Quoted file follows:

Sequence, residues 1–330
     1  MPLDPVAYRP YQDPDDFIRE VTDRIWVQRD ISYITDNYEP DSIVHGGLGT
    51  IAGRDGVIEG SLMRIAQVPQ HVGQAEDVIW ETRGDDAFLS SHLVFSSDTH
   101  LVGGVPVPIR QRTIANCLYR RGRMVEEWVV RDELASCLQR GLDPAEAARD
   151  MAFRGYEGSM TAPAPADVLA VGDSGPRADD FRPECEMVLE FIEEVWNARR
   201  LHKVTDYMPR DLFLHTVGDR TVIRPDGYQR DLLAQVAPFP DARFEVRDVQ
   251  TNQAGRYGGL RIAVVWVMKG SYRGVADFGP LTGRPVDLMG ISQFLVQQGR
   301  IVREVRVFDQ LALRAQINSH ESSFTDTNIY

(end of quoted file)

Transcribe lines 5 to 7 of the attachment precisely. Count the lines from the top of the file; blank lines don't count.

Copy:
   151  MAFRGYEGSM TAPAPADVLA VGDSGPRADD FRPECEMVLE FIEEVWNARR
   201  LHKVTDYMPR DLFLHTVGDR TVIRPDGYQR DLLAQVAPFP DARFEVRDVQ
   251  TNQAGRYGGL RIAVVWVMKG SYRGVADFGP LTGRPVDLMG ISQFLVQQGR